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Summarizing Data:

Percentile Ranges

The most common of these is the interquartile range, although even this is a seldom-visited feature on the statistical map. It is used with the median to give an idea of centrality and spread of skewed or otherwise grossly non-normally-distributed variables. Measures of training are often skewed enough to merit use of percentiles instead of the mean and standard deviation. For example, weekly training in a group of novice athletes might have a median of 5 and an interquartile range of 3-12 hours/week.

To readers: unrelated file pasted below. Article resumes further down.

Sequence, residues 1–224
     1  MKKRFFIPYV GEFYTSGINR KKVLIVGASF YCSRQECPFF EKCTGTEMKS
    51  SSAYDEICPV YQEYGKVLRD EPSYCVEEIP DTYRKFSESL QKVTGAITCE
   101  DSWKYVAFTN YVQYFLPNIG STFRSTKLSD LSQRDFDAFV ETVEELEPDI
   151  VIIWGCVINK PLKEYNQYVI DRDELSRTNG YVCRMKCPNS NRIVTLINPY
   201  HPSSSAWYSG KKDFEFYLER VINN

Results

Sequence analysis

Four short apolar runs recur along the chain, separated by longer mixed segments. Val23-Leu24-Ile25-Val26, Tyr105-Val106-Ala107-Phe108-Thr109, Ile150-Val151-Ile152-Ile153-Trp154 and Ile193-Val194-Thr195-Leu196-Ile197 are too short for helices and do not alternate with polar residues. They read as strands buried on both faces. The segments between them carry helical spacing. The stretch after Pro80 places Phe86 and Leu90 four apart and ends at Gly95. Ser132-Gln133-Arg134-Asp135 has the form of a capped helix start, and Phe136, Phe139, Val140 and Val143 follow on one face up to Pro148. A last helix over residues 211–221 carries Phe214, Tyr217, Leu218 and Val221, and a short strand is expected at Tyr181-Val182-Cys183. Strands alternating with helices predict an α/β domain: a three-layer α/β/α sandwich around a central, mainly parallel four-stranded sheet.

Here's something challenging for the real lovers of numbers. The mean ± SD encloses 68% of the data on average for a normally distributed variable. So if you want to use a percentile range that corresponds to the mean ± SD, what should it be? Answer: 16th-84th. If I had my way, this measure would replace the interquartile range. We could call it the standard percentile range…

We're right out on the horizon now. Let's get back to familiar territory.

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